You had a biopsy and the doctor tells you that it's cancer. You are shocked. The doctor tells you is likely malignant.
The doctor tells you you need surgery right away, otherwise you will likely die.
What do you do?
If you are like most people, you will accept the doctor's recommendation and schedule surgery immediately. Some people will opt for a second opinion.
If you are like most people, you rely on your doctor's recommendation and go ahead with the surgery. After the surgery, you return to the doctor's office for follow-up and he tells you something that is very distressing.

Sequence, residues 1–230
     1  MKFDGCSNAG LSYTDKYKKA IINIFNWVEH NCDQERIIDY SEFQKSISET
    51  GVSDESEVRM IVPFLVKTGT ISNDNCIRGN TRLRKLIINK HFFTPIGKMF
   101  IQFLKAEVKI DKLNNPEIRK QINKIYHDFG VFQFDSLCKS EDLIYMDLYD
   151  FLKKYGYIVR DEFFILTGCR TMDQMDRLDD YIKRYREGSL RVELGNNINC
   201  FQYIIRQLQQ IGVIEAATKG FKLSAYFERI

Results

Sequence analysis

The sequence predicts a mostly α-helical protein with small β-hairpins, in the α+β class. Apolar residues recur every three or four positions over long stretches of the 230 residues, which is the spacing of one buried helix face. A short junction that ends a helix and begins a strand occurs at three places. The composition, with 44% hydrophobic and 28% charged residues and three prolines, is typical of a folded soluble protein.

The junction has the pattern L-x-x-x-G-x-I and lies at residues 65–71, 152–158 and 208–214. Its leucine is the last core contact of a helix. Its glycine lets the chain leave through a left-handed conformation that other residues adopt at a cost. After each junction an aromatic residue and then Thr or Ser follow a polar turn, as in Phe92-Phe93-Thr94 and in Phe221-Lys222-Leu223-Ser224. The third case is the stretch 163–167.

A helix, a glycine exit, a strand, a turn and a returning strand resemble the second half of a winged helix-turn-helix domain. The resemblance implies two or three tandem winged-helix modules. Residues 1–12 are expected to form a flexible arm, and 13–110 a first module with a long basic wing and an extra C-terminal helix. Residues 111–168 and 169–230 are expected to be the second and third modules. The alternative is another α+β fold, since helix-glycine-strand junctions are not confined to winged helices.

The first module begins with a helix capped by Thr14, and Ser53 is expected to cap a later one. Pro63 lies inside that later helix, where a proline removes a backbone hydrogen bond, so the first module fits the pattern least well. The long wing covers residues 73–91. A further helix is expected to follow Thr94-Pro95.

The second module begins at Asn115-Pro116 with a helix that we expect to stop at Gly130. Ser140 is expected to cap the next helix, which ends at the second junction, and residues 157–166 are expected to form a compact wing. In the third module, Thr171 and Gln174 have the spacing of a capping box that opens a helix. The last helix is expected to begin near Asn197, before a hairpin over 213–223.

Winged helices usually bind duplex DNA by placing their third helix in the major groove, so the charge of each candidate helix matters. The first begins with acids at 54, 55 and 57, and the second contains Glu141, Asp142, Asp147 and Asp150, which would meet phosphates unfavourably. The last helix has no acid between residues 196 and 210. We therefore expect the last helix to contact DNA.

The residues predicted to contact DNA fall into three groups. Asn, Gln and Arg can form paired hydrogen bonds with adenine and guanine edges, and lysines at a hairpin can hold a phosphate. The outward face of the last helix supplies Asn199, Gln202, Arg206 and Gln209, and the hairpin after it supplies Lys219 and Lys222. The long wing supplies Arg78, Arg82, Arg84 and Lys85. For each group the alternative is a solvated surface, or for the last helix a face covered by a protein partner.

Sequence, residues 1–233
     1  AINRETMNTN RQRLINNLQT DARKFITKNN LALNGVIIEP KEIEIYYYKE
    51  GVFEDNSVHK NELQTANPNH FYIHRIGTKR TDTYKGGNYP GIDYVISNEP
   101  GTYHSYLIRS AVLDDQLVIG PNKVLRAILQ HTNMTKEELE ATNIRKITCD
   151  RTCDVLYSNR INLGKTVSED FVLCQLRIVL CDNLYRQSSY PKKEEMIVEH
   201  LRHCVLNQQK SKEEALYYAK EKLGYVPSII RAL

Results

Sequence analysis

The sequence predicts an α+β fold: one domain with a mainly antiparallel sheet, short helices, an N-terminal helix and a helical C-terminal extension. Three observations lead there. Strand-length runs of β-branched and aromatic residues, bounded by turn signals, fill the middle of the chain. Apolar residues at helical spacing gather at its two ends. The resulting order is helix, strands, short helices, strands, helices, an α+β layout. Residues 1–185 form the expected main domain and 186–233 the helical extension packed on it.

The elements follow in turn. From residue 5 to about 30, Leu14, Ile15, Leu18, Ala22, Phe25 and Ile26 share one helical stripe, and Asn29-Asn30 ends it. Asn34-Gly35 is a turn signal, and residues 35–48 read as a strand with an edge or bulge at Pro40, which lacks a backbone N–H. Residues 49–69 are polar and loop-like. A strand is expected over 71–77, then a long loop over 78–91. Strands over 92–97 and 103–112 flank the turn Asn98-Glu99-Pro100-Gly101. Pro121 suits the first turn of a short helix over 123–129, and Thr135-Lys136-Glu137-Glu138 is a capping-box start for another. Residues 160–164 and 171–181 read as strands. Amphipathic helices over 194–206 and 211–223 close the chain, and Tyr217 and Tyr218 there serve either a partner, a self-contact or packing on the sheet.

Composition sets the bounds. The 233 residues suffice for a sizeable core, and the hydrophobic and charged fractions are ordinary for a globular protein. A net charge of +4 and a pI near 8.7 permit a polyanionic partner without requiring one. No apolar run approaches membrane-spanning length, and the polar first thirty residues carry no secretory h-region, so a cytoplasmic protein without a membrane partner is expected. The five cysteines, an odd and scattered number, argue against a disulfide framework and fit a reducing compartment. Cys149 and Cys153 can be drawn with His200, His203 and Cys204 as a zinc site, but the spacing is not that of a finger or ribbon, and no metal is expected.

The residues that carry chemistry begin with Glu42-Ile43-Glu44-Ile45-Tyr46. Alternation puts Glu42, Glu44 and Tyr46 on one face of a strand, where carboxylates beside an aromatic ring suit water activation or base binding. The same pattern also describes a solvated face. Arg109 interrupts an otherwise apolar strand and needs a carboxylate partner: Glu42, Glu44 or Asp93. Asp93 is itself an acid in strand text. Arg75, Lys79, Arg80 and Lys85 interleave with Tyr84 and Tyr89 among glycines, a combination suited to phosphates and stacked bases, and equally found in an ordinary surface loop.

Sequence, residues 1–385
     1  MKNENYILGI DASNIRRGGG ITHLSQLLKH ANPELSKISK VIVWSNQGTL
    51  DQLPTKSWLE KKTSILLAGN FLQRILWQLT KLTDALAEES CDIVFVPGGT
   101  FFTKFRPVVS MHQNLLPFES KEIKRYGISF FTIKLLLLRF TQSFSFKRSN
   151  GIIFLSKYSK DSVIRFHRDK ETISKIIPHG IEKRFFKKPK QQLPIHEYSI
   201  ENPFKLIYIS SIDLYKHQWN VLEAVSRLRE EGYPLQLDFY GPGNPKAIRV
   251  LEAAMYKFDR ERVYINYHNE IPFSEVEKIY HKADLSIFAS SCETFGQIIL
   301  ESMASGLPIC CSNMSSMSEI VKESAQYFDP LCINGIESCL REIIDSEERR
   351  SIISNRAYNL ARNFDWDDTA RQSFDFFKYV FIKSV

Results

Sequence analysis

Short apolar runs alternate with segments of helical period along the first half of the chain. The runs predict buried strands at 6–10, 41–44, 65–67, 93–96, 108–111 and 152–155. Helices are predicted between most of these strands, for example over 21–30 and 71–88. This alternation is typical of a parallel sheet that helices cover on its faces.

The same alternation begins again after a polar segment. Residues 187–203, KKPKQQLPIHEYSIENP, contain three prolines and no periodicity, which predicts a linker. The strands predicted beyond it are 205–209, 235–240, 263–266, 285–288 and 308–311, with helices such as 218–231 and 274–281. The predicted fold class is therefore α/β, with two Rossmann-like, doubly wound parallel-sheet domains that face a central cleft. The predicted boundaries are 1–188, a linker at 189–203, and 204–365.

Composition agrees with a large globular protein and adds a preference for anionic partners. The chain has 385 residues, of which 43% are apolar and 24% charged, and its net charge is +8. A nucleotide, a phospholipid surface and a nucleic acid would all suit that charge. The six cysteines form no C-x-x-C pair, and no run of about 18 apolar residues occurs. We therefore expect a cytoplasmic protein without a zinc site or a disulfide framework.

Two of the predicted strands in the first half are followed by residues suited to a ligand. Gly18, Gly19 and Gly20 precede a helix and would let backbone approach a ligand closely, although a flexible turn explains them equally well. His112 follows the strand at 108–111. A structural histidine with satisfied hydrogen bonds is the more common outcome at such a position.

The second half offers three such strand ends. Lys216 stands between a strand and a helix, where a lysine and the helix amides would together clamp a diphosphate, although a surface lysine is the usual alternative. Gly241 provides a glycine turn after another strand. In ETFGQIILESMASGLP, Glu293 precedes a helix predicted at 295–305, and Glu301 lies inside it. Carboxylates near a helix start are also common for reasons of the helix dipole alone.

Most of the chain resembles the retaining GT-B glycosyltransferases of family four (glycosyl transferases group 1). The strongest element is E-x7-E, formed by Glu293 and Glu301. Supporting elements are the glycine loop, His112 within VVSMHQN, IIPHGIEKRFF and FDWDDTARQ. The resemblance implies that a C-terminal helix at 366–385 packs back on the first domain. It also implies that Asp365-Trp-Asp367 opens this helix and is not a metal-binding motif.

He tells you you don't have cancer.
You're thrilled! You are overjoyed! You feel great!
Until you realize something's wrong.
"What do you mean I don't have cancer? You told me I had cancer and that's why I had the surgery," you say.
"It turns out that the doctor who read and interpreted your biopsy, rendered incorrectly. I'm sorry," says your doctor.
As you return home with feelings of joy, those feelings are mixed with a knot in your stomach wondering why you had to go through surgery and remove your organs. As days and weeks go by, those feelings turn to anger. Those feelings don't go away. The more you think about it, the more you realize there's some injustice here but you don't yet know what to do.
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